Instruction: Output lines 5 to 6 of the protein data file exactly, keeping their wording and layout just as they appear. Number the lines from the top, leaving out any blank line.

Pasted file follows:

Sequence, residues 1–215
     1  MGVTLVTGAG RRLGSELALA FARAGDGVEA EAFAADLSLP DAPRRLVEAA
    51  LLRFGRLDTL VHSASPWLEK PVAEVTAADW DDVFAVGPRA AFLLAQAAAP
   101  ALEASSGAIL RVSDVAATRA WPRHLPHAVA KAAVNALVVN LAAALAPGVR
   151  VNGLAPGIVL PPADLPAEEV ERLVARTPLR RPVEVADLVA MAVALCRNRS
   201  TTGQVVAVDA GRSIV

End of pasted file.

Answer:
   151  VNGLAPGIVL PPADLPAEEV ERLVARTPLR RPVEVADLVA MAVALCRNRS
   201  TTGQVVAVDA GRSIV